It's cold comfort for shareholders, but it seems like Arcos Dorados (NYSE:ARCO) has gotten sucked into the same "anti-polar" vortex as many other consumer-oriented Latin American stocks. With the USD/BRL exchange rate moving from 2.03 to 2.37 over the past year and the USD / MXN rate moving from 12.67 to 13.08, worries about consumer spending trends in markets like Brazil and Mexico and the economies of Argentina and Venezuela are almost secondary.
The good news is that, as an operating company, Arcos Dorados is still doing pretty well. Sluggish comp growth in Brazil is a worry, but comps have generally been picking up and margins seem to have stabilized. I'm looking for strong comp growth and unit expansion to drive revenue growth, and I believe the shares are meaningfully undervalued today. All of that said, investors are going to have to be able to deal patiently with the ups and downs of currency movements or take a more aggressive view towards entering, exiting, and re-entering the shares.
Comps Mixed, But Improving Overall
Arcos Dorados delivered comp growth of more than 12.6% for the company's third quarter, a significant improvement from the 6.5% growth in the prior year and the 11.6% figure in the second quarter. Comp growth was spurred by the economic issues in Argentina and Venezuela, as the company's SLAD division saw comp growth of 25% and the Caribbean unit (including Venezuela) saw comps rise almost 23%.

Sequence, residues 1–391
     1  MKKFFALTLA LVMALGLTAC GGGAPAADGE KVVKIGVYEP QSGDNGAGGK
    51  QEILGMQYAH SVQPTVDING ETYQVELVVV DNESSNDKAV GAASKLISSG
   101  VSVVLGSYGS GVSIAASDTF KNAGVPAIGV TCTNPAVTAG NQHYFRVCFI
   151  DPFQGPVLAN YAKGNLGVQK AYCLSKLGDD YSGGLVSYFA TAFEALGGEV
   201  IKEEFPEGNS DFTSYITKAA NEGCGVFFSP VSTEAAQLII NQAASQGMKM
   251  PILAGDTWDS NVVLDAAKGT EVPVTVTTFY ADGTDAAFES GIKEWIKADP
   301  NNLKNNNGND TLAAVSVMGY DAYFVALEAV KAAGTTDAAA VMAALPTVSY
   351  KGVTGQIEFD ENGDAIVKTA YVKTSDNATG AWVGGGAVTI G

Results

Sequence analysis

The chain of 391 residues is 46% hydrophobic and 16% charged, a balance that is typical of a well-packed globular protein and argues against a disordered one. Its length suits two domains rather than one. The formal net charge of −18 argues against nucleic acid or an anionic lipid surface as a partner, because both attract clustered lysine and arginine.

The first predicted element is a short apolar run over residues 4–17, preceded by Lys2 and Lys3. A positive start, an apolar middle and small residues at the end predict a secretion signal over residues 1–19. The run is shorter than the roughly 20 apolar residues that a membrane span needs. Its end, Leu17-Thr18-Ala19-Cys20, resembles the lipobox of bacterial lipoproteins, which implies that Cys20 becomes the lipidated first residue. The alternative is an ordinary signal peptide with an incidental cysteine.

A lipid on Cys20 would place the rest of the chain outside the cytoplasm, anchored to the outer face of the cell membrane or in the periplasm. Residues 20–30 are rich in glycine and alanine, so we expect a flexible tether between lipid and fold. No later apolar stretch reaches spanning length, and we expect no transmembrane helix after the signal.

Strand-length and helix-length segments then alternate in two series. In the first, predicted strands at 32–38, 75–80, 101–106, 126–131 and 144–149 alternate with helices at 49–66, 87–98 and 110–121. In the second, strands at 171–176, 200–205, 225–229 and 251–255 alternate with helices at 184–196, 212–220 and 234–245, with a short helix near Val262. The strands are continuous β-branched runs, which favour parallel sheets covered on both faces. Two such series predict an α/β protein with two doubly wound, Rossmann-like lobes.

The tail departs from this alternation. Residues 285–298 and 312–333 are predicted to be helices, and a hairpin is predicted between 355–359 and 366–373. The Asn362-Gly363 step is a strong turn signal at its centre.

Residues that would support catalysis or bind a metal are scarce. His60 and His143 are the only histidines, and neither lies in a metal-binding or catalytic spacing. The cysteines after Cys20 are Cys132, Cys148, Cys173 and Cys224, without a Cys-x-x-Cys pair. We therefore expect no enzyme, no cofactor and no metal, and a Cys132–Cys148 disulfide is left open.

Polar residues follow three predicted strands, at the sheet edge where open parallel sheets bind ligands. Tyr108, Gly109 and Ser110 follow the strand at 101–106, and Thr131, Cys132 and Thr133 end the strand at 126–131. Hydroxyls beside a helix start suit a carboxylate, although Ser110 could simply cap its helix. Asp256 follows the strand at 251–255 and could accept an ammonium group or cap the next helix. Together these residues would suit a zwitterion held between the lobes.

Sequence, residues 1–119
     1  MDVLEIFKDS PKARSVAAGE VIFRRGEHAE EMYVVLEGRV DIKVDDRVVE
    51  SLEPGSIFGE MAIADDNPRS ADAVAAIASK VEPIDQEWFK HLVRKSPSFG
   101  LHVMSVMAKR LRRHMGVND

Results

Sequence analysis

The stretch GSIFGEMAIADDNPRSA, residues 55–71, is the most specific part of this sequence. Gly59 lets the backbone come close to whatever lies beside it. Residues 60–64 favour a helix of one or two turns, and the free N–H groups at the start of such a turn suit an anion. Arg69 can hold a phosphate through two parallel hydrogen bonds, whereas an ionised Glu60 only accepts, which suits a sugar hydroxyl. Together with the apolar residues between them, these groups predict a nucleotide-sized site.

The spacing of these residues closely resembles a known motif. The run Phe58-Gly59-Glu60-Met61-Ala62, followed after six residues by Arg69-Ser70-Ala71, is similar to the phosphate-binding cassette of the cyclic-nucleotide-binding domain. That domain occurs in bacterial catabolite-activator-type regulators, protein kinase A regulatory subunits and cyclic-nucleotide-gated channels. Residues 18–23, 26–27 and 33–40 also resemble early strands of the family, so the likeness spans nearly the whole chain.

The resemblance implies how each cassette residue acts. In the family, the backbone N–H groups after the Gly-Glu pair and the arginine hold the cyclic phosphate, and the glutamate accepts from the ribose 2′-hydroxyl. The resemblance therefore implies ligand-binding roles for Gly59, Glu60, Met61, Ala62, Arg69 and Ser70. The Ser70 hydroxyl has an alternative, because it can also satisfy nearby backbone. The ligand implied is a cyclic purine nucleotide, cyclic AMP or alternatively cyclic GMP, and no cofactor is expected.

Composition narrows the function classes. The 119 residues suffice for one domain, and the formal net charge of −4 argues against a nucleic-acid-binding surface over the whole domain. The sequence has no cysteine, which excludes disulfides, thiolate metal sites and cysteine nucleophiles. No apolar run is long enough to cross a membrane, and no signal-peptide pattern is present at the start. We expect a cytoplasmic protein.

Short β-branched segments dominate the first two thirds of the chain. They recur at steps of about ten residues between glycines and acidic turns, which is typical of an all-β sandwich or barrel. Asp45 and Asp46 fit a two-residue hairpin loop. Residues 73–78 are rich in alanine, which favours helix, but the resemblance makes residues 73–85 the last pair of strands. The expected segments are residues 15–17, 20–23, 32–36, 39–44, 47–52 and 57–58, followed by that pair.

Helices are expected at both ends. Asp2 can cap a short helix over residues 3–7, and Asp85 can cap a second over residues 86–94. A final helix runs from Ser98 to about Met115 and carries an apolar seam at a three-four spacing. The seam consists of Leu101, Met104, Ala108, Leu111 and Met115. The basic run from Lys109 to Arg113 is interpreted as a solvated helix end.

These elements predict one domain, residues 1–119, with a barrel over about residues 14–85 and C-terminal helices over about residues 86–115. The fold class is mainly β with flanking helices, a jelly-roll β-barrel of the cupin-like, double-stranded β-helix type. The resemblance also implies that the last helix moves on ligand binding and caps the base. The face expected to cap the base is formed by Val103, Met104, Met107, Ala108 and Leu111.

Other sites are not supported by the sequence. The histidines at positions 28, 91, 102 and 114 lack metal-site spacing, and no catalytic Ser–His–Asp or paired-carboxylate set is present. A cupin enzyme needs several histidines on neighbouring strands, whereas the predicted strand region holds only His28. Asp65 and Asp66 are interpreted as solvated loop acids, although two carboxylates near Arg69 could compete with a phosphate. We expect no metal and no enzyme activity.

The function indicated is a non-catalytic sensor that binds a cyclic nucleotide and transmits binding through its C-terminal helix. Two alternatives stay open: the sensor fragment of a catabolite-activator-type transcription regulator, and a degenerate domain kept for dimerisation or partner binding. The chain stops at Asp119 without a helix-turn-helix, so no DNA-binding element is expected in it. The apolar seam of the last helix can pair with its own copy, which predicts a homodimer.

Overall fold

Elsewhere the story was more mixed. NOLAD comps were up 6.6%, and while that may not sound very impressive, that is actually pretty solid given what companies like FEMSA (NYSE:FMX) and Walmex (OTCQX:WMMVY) have been saying about the Mexican consumer. Alsea (OTCPK:ALSSF) did do better with nearly 9% comp growth, but Burger King (BKW) only managed about 2% comp growth for the same period.
Brazil, too, was something of a disappointment. After 10% comp growth in the second quarter, growth of 5.6% in the third quarter disappointed. Conditions for consumers in Brazil are getting better, but it bears repeating again that McDonald's (NYSE:MCD)/Arcos Dorados is actually pretty expensive for the Brazilian consumer. Arcos Dorados is trying to work on this with more promotional efforts and cost reduction initiatives, but it's a long-term work in progress.
Will New Policies In Mexico Crimp The Chains?
While McDonald's isn't as expensive on a relative basis in Mexico as it is in Brazil, it still isn't priced as an everyday destination as a Big Mac costs about 55% of the daily earnings of a worker making minimum wage in Mexico. The bad news is that it's going to get even more expensive.
Among the various tax and business reforms that the Mexican government passed last year, a new junk food tax will add 8% to the cost of McDonald's food. Granted, Alsea and Burger King (Burger King is among Alsea's many partners) will face the same tax and FEMSA is also getting hit by a 10% soft drink tax, but it's just one more headwind for the company to face. After all, whether you want to debate whether sin taxes are targeting at reducing consumption or merely exploiting it, the fact is that higher taxes almost always lead to lower consumption.